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“My Ecuador” is likely to remain virtual and experienced through Windows.

However, for my correspondent, Ecuador is home, and when he writes in relation to, ” . . . the soldiers try to occupy the strategic places, highways, bridges, airports, refineries, power generation stations, generating dams . . .” and says “we will close the office now and  . . . try to buy food in the supermarket, store, and black market . . . .” I’m inclined to believe him.

But he’s just one source.

The closest corroborations in the news:

Lee, Brianna.  “Ecuador’s Correa Withdraws Controversial Tax Bills After Days of Protests.”  International Business Times, June 16, 2015.

Morla, Rebeca.  “Down with Correa!  Ecuadorians Want Off the Socialist Train: Five Days of Street Protests, More to Come.”  The Canal: Blog of the Panama Post, June 15, 2015.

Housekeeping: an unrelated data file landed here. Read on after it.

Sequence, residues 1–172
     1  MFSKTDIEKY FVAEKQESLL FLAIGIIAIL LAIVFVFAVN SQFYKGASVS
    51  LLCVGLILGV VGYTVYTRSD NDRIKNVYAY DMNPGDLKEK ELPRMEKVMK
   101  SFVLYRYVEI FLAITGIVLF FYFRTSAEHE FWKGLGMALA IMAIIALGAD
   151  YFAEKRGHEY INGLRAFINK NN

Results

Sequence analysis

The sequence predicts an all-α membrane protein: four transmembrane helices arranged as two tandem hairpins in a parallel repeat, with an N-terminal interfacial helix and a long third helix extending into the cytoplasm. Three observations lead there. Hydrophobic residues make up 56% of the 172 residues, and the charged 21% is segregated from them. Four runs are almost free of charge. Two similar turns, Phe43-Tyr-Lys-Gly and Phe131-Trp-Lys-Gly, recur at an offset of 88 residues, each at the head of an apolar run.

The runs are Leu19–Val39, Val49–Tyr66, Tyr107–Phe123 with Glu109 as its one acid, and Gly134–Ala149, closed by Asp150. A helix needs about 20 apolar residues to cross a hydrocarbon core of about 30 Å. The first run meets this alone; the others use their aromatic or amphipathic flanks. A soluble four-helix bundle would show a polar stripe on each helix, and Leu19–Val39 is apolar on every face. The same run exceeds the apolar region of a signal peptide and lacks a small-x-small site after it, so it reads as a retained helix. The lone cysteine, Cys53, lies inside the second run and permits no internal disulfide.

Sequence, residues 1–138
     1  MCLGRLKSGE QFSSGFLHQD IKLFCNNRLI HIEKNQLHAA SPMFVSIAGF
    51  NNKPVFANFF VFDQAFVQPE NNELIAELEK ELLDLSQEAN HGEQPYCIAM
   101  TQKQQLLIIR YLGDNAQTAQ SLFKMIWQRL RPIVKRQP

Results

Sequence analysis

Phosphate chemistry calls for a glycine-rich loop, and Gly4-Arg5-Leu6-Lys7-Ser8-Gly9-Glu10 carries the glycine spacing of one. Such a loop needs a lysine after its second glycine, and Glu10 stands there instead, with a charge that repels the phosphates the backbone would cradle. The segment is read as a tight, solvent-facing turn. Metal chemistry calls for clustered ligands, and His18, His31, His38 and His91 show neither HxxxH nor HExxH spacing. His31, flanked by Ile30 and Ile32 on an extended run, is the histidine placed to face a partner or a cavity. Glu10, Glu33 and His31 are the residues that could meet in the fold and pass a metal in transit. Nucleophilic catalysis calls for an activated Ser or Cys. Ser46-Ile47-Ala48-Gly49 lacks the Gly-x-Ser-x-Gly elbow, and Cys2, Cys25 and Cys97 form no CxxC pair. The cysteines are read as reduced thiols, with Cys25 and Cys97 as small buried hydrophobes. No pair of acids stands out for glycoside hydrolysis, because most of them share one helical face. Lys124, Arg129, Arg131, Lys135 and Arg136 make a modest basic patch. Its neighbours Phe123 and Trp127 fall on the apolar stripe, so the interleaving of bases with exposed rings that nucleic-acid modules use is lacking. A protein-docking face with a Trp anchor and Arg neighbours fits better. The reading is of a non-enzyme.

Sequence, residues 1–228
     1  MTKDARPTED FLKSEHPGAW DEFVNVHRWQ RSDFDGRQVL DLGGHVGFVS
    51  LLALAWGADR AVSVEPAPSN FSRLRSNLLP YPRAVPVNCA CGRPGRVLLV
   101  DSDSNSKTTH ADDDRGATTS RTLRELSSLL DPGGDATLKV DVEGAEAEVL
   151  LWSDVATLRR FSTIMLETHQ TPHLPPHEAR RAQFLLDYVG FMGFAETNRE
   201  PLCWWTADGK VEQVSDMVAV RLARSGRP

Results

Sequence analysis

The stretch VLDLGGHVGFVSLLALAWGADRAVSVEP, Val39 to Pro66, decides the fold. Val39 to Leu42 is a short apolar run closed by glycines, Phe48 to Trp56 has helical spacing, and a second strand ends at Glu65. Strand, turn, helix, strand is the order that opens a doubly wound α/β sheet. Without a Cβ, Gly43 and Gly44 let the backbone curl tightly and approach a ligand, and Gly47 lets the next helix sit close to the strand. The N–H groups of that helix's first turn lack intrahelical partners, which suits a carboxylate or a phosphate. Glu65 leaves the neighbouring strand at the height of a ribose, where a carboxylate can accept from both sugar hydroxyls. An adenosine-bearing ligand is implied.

Scherffus, Liz.  “The opposition says they will continue protesting until the proposed inheritance tax is off the table.”  Telesur, June 17, 2015.

As has happened in other spaces in relation to the post-Soviet neo-feudalism, reliance on oil revenues and the tumble in wellhead rates has turned out a big kick in the seat of the pants.

It appears that what has brought Ecuadorans out into the streets en masse is not primal hunger and resentment of the capitalist yankee running dog pig — China’s deep into the state these days — but the fearsome will to bequeath hard-earned private gains to progeny without fear of plundering by the state!

According to my source, some military appears to have mobilized, but the arguments and resolution of economic issues to come may play behind the increasingly pale phantom of the bankrupt Soviet, the revanche neo-feudalism in place in Moscow today, and the teetering of the Maduro regime in Venezuela.  Clearly, the authoritarian experiments dressed up in socialist talk have failed their states.

The shame is the same: some affected states, Ecuador among them, are simply rich in cultural charm, labor, and natural resources but burdened by leadership that fails to grow the kind of internal economy that might make short work of living comfortably on the land while producing the craft-for-export industries certain to at least help fill in the shortfalls from the gross export of mineral wealth.

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